The past 12 months have been anything but ordinary. COVID-19 restrictions have impacted access to eye care across Australia, with prolonged lockdowns restricting optometrists from providing routine care. Assessment of the FY 2020/21 Medicare data helps us understand just how much of an impact the past 12 months has had on patient care.
As a key diagnostic tool in detecting glaucoma and neurological disorders that affect visual pathways, analysing utilisation of Medicare codes 10940 and 10941 for visual fields helps draw inferences on the level of detection and management of glaucoma in the community.
The FY 2020/21 Medicare data highlights a continued impact on primary eye care services since the previous year, however taking into account the heavy impact on optometry services last year due to COVID-19 restrictions, this year’s utilisation has surpassed two years ago, demonstrating that access to care, particularly for those patients with conditions such as glaucoma, is key.
Specsavers Director of Optometry Dr Ben Ashby says, “For the past five years, Specsavers has been spearheading a dedicated campaign to reduce the levels of undiagnosed glaucoma, a preventable blindness eye condition. Performing an OCT as standard for every patient, and in conjunction utilising visual field tests for those patients where indication is identified, along with increased professional education for all optometrists have been integral elements in our approach to detecting glaucoma.
“We have already seen massive in-roads in reducing the seemingly accepted statistic that 50% of all glaucoma goes undiagnosed by building consistency in visual field utilisation for glaucoma suspects. Therefore, it is pleasing to see a return to positive trends in visual field use over the last 12 months across all eye health providers. However, while more glaucoma patients were able to continue accessing care during COVID-19 restrictions this year, there will still be a large cohort of ‘missed’ patients, therefore accessibility to clinics and supporting our communities while actively following up with overdue glaucoma patients after lockdowns is key.
“As optometrists, early detection and management of glaucoma in the community is not only vital to avoiding vision loss in thousands of Australians, but it helps to reduce the long-term impact on public health in the future. We have a great responsibility to utilise Medicare funding wisely, and the data is already showing that by conducting visual fields on those patients suspected of glaucoma, we are detecting and referring 1.43% of our patients, a rate close to the 1.5% prevalence of glaucoma in the Australian population.”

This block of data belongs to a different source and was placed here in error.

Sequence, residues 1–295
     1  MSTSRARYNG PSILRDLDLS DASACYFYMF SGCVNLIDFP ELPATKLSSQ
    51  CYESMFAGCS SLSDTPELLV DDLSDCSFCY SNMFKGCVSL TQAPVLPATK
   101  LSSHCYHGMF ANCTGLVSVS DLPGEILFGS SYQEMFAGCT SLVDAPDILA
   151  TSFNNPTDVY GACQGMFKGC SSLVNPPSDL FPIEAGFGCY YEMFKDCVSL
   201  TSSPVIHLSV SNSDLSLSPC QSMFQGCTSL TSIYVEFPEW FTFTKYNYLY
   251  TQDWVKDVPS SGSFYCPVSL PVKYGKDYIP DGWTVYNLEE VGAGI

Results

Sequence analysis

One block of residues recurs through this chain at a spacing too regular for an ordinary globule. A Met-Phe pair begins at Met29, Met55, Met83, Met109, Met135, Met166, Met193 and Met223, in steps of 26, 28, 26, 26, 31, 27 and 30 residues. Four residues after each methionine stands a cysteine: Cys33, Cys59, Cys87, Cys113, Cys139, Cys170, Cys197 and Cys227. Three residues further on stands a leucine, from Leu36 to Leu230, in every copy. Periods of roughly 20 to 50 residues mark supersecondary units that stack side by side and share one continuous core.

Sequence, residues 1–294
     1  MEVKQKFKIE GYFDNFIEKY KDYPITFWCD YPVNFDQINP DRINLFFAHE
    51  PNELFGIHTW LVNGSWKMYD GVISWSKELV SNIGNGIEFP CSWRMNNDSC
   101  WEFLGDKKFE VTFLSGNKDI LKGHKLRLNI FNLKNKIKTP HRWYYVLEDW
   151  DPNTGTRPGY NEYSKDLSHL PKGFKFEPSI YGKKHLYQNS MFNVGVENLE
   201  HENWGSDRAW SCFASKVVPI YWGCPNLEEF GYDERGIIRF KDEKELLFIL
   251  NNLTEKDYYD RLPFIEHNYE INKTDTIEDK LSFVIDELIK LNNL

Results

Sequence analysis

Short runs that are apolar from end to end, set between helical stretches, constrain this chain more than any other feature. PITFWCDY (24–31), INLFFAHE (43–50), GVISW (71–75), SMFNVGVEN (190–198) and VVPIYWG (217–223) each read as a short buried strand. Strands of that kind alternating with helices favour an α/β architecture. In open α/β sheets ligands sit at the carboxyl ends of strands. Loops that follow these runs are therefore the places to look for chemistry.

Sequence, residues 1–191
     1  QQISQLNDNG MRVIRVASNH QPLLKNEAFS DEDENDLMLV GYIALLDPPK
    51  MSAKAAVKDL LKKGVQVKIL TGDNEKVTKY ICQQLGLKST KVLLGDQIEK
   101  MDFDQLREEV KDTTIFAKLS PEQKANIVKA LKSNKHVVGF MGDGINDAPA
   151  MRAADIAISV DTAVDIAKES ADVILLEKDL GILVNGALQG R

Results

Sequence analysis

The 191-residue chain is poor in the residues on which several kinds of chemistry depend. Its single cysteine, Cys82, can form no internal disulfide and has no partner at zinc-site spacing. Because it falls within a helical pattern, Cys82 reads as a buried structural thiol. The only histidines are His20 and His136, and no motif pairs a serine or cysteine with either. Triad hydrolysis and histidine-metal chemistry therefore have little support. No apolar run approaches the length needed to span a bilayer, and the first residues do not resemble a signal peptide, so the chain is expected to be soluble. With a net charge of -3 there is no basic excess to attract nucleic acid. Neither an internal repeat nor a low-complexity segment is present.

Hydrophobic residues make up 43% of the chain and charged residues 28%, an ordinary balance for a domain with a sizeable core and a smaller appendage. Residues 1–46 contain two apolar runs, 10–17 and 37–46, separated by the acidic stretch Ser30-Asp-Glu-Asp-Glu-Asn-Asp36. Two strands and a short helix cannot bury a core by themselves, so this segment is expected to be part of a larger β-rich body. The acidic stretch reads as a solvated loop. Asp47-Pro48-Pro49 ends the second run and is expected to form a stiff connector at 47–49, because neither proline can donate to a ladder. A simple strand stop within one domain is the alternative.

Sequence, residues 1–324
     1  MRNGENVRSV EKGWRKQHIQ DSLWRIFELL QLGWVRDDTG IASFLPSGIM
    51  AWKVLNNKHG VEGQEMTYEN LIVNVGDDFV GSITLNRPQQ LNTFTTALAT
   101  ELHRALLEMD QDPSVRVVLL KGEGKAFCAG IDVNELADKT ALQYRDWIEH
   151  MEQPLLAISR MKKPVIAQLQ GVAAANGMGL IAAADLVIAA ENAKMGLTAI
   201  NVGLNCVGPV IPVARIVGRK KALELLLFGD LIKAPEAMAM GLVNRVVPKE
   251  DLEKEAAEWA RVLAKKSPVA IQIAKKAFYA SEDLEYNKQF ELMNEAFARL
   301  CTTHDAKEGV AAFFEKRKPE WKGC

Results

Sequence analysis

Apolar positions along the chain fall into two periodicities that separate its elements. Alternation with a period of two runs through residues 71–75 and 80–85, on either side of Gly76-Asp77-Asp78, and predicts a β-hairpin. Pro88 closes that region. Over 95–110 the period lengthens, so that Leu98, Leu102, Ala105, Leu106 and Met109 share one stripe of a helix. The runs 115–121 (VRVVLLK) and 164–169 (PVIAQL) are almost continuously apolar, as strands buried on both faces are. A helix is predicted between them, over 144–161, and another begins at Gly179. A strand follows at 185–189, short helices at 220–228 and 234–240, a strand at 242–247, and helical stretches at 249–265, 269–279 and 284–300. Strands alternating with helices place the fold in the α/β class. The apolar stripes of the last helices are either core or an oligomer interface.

Medicare data also highlights a consistent use of code 10915 – comprehensive diabetes examination – over the last 12 months. Again, accounting for COVID-19 restrictions, it is positive to see those patients with diabetes able to access care at enhanced levels to two years ago. This continues to highlight the importance of access to primary eye care.
Diabetes remains the leading cause of avoidable blindness in working aged Australians. Which is why two years ago Specsavers joined as a founding and funding partner of KeepSight. Led by Diabetes Australia, this national reminder program – a ‘once in a generation’ opportunity to significantly reduce diabetes-related vision loss across Australia – focuses on proactive, targeted patient communications and reminders to encourage people with diabetes to have timely diabetes eye checks to prevent risk of vision loss due to their condition.
Specsavers attendance data for people with diabetes demonstrates the impact KeepSight is beginning to have on encouraging patients with diabetes in for regular eye checks. It is anticipated this trend will continue upwards over the coming three years.
At its launch in 2019, Specsavers aimed to register 200,000 patients to KeepSight in the first two years. Pleasingly, that number was surpassed in 2021, with many patients also now realising the benefit of the reminders – Specsavers is seeing more patients with diabetes return for care within recommended timeframes.
New signs and symptoms and progressive disorder
Continuing the theme of accessibility to primary eye care, there has been an increase in use of the following codes for patients across all eye health providers: 10912 – significant change of visual functions; 10913 – new signs and symptoms; and 10914 – progressive disorder requiring reassessment.
The significant use of all codes (NB. 10912 and 10913 are restricted to existing patients of a practice), demonstrates that even during COVID-19 lockdowns and restrictions, many optometrists continue to provide access to those with symptoms and a functional impact to their vision.
With many practices closed or only open for essential care for a period of time over the past 12 months, this data highlights the pressing need to ensure there is continued access to optometry services so those patients with concerns can be reassured and treated accordingly.
In addition, the 16% increase in the use of 10914 speaks to Australia’s aging population. 10914 encompasses patients with glaucoma, AMD and cataracts, all conditions that have a strong correlation between age and prevalence.